The Restitution Commission is also currently reconsidering its settlement models, aiming to see if they cannot improve on it, especially in the form of partnerships. It seems like the underlying idea is that the transfer of land must make sense. This will need careful deliberation to ensure that partnerships do not perpetuate the unequal relationships between the farmers and the beneficiaries.

Just before COVID the beneficiary selection policy was published for comment, so the comments received there are presumably considered, and we should soon have a policy. This is important as it gives an indication of who should benefit from land reform.

Then there is also the land donations policy that aims to facilitate the donation of land. And the strategic release of state land (for leasehold). Plus, there are rumours that the Property Valuation Act’s notorious regulations will be reviewed. We will also see a change in the Land Claims Court that will probably become a Land’s court, with permanent judges that specialise in land issues.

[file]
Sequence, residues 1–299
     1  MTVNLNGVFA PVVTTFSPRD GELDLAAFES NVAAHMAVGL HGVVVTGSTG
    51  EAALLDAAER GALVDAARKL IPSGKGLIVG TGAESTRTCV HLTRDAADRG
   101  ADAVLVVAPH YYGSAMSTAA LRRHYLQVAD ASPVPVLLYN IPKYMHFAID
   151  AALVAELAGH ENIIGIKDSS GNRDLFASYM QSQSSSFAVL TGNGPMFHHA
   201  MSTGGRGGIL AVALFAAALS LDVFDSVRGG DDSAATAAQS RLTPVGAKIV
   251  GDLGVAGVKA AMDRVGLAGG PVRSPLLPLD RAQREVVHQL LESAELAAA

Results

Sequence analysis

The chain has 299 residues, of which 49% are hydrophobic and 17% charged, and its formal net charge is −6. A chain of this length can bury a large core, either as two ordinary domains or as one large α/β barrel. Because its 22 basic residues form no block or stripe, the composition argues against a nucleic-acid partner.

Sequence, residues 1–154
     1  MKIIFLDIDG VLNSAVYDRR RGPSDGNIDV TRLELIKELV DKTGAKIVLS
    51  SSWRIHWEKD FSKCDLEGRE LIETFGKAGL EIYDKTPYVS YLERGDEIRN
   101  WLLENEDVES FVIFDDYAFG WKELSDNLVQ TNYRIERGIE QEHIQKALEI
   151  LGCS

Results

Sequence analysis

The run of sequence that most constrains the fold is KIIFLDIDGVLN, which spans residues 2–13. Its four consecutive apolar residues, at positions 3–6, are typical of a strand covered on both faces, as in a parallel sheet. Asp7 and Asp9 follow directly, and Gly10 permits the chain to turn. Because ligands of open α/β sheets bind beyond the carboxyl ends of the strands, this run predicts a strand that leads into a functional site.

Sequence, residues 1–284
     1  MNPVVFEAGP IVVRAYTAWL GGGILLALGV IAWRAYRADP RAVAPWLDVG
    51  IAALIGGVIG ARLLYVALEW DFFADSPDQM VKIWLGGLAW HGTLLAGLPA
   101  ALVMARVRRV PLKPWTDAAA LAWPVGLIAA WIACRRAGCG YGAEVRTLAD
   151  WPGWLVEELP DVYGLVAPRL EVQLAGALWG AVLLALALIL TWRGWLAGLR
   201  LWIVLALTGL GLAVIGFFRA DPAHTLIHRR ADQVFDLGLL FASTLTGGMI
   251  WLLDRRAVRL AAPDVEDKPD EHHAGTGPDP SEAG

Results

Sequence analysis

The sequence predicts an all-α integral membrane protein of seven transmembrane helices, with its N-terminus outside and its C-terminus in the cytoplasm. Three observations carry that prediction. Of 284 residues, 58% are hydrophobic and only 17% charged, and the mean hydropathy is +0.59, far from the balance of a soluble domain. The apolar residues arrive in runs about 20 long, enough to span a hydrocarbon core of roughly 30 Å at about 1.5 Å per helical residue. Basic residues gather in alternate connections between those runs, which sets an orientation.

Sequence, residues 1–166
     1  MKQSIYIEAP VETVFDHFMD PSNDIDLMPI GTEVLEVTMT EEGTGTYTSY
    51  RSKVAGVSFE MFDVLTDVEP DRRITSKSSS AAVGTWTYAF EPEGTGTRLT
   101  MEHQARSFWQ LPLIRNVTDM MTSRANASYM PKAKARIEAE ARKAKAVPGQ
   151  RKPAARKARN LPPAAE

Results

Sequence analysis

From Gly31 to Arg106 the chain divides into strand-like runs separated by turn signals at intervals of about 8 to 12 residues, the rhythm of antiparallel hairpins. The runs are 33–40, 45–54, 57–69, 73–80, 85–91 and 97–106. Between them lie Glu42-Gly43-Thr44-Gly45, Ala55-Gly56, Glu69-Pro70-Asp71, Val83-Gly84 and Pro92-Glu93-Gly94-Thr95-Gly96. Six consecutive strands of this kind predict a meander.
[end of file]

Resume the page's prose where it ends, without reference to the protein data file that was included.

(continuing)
Private initiatives

Meanwhile, an agricultural development agency was created that aims to provide support for black farmers through a public-private partnership initiative.

Conclusion

COVID has changed our lives in many ways, and it also changed our society. Our economy is in dire straits, and I predict that in the next few months, reports will show an increase in inequality and that this will still mostly be on race lines. There are studies that show the dangers of inequality, and that inequality based on race or ethnicity makes for a powder-keg of doomsday possibilities. So we have to be careful.